Indeed, word is that Germany legislators already are moving to pass a law that would nullify the ruling. (credit for photo of Reichstag in Berlin, seat of the legislature)
Given the interest not only among policymakers but also among scholars and others in civil society, it's welcome news that an English translation of that decision is now available.
Undertaking the project was the Islam, Law and Modernity unit at Durham Law School in England. The unit's director is our colleague, Professor Michael Bohlander, who holds the Chair in Comparative and International Criminal Law at Durham Law. He sent the following notice:
Translator for this English translation, accompanied by explanatory notes, is Alexander Aumüller, a former student at Durham Law; Bohlander served as editor.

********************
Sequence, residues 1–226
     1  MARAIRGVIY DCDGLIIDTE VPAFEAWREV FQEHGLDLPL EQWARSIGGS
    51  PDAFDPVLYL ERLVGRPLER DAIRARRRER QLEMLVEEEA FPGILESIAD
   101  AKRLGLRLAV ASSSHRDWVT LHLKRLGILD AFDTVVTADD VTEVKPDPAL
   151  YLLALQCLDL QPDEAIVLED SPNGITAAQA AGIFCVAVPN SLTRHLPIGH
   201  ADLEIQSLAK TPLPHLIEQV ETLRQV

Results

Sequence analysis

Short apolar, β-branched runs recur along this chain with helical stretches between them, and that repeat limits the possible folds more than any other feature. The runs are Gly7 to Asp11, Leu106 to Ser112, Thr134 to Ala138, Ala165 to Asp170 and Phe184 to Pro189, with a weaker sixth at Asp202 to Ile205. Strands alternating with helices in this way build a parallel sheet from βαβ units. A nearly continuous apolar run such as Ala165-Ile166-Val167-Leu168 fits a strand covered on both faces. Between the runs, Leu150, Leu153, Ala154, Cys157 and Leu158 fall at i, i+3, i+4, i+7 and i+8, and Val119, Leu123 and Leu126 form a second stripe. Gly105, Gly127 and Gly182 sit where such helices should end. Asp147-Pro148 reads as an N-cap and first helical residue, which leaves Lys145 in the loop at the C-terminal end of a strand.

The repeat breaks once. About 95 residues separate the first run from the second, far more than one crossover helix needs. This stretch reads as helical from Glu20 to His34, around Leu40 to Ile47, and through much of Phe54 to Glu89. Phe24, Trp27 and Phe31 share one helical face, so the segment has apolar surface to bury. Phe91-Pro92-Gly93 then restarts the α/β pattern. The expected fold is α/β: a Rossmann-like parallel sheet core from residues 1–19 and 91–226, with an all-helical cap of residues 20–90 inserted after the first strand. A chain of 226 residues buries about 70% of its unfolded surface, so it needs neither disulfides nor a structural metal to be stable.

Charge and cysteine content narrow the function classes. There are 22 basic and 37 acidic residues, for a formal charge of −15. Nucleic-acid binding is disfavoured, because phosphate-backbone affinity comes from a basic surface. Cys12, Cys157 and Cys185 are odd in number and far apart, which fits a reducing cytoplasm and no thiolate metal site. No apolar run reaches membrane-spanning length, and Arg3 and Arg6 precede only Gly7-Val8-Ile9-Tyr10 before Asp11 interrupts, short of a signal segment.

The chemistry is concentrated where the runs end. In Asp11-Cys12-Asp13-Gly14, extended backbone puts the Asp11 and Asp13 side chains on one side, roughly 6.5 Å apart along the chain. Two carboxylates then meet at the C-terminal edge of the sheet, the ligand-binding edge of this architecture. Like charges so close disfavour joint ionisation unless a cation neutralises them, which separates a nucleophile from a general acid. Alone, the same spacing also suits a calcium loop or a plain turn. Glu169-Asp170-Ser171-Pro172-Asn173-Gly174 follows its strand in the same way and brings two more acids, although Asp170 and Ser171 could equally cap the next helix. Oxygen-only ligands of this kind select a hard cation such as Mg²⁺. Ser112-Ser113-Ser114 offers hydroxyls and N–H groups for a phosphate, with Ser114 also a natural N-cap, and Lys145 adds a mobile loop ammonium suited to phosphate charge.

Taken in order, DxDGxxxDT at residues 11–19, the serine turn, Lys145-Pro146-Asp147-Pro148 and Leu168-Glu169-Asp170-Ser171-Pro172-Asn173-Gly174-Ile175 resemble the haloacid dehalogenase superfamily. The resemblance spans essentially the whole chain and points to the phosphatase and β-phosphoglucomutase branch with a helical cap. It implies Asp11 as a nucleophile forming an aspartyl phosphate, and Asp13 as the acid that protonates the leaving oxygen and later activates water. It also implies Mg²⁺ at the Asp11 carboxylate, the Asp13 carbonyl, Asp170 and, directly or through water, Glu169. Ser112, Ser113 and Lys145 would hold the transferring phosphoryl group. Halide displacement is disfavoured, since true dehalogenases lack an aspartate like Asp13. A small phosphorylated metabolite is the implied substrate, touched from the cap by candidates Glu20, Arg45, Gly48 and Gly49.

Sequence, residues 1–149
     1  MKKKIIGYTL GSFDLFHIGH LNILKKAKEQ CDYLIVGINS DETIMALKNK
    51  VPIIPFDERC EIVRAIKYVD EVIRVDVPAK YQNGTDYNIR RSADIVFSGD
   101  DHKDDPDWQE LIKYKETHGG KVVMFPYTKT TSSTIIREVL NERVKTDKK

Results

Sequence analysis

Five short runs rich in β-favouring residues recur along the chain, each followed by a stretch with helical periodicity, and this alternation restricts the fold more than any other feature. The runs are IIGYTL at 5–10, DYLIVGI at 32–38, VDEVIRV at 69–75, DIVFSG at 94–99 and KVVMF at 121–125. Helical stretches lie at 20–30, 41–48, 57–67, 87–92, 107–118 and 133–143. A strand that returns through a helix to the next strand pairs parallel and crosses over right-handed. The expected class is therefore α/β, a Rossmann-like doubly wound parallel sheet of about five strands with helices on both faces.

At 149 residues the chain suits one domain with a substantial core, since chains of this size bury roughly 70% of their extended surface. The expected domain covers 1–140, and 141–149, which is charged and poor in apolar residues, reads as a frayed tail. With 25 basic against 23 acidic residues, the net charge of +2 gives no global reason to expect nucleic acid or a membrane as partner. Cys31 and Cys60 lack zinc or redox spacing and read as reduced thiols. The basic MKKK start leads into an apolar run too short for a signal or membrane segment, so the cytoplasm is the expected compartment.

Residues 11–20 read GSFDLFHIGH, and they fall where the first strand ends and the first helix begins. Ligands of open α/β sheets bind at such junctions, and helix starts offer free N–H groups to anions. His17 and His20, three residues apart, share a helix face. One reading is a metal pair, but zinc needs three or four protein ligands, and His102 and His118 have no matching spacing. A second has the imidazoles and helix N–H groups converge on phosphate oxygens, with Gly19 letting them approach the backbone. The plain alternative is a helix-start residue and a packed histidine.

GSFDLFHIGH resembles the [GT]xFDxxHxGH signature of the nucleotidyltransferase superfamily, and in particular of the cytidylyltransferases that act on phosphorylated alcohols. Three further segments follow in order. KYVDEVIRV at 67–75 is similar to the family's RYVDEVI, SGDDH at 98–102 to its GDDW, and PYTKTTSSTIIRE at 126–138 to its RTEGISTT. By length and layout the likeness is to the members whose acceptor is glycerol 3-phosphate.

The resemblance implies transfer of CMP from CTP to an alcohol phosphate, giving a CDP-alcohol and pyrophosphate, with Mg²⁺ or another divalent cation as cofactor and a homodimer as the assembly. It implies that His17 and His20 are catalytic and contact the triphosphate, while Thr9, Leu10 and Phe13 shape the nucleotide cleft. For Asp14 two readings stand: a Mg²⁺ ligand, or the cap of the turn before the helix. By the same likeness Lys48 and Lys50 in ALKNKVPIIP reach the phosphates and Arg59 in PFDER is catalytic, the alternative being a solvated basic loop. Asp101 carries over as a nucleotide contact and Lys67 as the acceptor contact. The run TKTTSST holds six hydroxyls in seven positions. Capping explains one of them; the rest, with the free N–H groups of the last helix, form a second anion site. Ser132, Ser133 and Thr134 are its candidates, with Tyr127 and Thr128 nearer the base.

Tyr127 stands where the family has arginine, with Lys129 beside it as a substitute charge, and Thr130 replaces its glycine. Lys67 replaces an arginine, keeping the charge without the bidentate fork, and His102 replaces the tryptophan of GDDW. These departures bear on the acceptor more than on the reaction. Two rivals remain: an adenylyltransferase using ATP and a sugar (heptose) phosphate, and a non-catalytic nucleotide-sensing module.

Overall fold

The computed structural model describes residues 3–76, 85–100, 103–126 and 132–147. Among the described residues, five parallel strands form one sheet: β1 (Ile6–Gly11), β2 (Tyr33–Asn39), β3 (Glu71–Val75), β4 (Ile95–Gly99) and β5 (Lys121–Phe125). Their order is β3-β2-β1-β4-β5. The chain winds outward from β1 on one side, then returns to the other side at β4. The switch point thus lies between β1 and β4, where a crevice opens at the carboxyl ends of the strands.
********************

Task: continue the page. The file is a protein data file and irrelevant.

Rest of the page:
'The District Court of Cologne (Germany) held on 7 May 2012 that the circumcision of a Muslim boy of the age of four constituted an unlawful offence of causing actual bodily harm and could not be justified by the consent of the boy's parents. The doctor performing the circumcision was acquitted, however, because the court conceded that he had acted under an unavoidable mistake of law due to the lack of unanimous opinion in the case law and literature at the time. The judgment is final. The decision has created an outrage among German Jewish and Muslim communities and will be debated for some time.'
Cologne courthouse (credit)